February 28th, 2014
Please be aware that this story deals with mature/intense themes regarding the subject of eating disorders.
You don’t know what it’s like to want something so bad that you would do this. You can’t know.
I remember the first time I did it: Purging after eating a French fries at a family dinner. I didn’t want it to be a thing – I didn’t want it to keep going. This was only going to happen once. That was what I told myself.
I knelt on the cold ceramic tile and gagged until I purged. I felt cold, and sick, and dirty. But I brushed my teeth, washed my face, stepped out of the bathroom, and smiled. Nobody knew. My mom didn’t know, my dad didn’t know, my brothers didn’t know, and my sister didn’t know.
No matter the disgust that I felt after purging, every time I stepped onto the ballet floor, it was worth it. Every vomit stain and every purge was worth it because I knew I was getting closer to what I wanted to look like. I was getting closer to what everyone wanted me to look like.
I didn’t purge every day. I didn’t even purge every week. But that changed.
I was with Annie and Courtney and we were visiting Venice Beach for the day. Their tight and tanned skin and bleached hair let them melt into the beach life almost seamlessly. Walking beside them, I knew I wasn’t like them. My thighs weren’t taut like theirs were, and my hips weren’t lean like theirs were. But that didn’t matter. We walked through the hot sand to the cold pacific.
One the way back, we joined up with some of Annie’s friends: A couple of cute guys. We laughed and flirted and offered them a ride back with us. They joked with us as we walked through the sandy streets of cracked asphalt, soaking in the ambient beach music and the smell of fried food.
And then it happened.
As we piled into Annie’s car, laughing and joking, he said it.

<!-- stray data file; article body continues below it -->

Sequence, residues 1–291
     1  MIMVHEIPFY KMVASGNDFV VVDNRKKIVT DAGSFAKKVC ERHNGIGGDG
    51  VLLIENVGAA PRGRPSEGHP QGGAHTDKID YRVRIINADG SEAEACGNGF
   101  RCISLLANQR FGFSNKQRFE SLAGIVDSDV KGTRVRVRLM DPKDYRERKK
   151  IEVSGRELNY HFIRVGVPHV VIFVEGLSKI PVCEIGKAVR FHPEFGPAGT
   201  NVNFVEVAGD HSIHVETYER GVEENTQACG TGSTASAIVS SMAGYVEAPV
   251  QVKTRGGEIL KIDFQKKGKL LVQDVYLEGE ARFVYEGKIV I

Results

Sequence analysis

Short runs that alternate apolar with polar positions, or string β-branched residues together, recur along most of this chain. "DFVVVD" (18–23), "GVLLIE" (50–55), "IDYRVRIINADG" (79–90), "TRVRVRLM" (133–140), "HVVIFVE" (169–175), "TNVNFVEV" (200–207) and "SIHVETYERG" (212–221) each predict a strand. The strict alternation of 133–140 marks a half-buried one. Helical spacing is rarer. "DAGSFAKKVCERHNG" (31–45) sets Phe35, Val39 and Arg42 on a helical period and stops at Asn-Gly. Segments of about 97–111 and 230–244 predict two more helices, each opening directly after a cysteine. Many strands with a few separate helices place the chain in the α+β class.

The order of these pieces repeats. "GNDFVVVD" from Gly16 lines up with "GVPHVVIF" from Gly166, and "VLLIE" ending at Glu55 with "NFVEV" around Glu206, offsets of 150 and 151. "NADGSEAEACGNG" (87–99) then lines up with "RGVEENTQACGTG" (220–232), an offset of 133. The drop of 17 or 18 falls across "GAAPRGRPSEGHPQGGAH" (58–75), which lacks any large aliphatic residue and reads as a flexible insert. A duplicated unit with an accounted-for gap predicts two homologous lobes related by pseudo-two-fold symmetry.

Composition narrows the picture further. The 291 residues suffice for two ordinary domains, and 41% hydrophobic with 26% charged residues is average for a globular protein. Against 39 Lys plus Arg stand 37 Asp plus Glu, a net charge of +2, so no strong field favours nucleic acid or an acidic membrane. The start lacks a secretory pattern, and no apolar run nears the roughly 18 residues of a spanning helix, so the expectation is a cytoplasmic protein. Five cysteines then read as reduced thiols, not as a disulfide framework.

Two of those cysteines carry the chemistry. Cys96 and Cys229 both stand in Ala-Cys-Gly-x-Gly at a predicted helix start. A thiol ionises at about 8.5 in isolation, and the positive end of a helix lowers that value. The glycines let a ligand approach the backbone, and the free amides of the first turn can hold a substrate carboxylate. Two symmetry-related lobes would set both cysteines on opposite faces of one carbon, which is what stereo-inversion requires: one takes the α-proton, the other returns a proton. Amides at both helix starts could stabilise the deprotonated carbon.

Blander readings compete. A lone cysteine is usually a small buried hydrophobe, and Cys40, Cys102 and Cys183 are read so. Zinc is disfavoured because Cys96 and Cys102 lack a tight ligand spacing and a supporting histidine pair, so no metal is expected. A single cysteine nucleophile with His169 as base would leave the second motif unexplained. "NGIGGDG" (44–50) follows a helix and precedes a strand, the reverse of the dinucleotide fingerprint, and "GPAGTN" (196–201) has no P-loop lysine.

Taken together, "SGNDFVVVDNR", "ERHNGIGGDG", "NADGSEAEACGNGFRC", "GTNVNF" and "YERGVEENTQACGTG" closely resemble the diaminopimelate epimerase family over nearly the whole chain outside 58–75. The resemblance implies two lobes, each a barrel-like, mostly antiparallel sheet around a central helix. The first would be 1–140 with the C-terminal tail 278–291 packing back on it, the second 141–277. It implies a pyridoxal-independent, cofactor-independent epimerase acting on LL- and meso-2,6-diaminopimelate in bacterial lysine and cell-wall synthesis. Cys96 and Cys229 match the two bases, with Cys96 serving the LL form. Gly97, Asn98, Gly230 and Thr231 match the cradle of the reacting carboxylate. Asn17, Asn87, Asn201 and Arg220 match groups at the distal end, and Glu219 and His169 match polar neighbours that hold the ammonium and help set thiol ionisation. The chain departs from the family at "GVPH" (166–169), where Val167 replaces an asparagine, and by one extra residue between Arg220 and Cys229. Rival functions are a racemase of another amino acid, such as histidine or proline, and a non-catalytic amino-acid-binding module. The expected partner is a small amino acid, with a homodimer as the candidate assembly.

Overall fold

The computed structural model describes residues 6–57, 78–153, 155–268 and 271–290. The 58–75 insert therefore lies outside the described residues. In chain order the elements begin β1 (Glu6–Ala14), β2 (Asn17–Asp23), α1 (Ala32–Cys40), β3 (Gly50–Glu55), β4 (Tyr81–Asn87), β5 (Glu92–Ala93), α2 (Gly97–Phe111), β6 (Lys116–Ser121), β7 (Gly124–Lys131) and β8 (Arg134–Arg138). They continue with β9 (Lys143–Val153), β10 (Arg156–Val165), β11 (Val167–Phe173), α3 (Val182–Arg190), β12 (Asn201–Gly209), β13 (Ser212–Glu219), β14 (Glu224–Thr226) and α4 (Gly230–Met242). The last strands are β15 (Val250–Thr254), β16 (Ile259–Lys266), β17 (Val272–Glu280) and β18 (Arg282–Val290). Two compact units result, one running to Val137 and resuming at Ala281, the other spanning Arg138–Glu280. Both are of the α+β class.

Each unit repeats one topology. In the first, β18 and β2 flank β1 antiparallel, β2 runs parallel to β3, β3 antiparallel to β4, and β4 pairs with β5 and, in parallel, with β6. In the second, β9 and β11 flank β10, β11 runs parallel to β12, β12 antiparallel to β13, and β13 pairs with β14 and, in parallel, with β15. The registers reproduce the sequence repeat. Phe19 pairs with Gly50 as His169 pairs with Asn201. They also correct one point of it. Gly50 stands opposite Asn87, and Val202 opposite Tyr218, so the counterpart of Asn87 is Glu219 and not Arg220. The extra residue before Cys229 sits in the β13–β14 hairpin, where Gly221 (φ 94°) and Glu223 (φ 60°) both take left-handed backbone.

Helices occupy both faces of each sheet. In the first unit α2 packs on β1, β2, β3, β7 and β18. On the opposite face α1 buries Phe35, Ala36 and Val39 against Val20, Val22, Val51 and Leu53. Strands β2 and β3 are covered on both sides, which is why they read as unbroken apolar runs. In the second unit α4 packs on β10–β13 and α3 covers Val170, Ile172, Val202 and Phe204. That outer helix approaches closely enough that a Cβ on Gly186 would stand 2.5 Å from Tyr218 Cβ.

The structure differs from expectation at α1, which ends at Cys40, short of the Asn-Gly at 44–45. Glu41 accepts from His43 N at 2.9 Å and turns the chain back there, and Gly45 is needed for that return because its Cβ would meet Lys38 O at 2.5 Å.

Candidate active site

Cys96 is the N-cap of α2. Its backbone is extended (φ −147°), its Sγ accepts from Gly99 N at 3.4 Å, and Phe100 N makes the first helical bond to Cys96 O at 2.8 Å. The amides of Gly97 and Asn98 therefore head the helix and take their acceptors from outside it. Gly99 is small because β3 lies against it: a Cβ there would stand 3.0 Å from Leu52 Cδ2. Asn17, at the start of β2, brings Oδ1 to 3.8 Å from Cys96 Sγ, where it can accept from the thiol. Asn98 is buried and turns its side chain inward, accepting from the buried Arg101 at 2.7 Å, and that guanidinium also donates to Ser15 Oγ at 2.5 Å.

“You have chubby ankles.”
And that was it. The next week, I purged every day. The week after that, I purged after almost every meal.
It was a release. Every time I vomited the meal into the toilet, I was getting what I wanted. I was getting closer to having the body that I wanted. I wasn’t going to have a pudgy butt, I wasn’t going to have flabby arms, I wasn’t going to have thick thighs. I wasn’t going to have chubby ankles.
So I kept purging.
After breakfast, I purged. After lunch, I purged. After dinner, I purged the hardest. I went to bed hungry, and I woke up hungry, and it felt good, because I knew I was going to be who I wanted to be. I knew I was going to be who everyone wanted me to be.
It kept going. For some reason, in the back of my head, I thought that I’d stop at certain point. It was like that thing that you always tell yourself you’ll do, like that road trip you always plan, or that repair you always tell yourself you’ll make when you get the time. But that point was in the future, always in the future, and so I kept going.
Last week I purged eight times in one day, and for the first time, it scared me. My stomach was empty, but bloated. My head felt light, but full. My skin felt tight, but thick. I lay awake in bed, my stomach yearning for anything, so I crept out of bed and found a bag of Cheetos. Not a small bag, the 16 oz, no. A full bag. I took it and ate the whole thing, then purged harder than I ever had before.
When I finished, I rolled over onto the bathroom floor, orange vomit dripping down my cheek. I inhaled slowly, then exhaled slowly.
I was so afraid.
And I still am.
Because in the back of my head, I thought that I’d stop at a certain point. But that point is in the future, and I haven’t reached it yet.
And by now, I’m not sure which point I’ll reach first.
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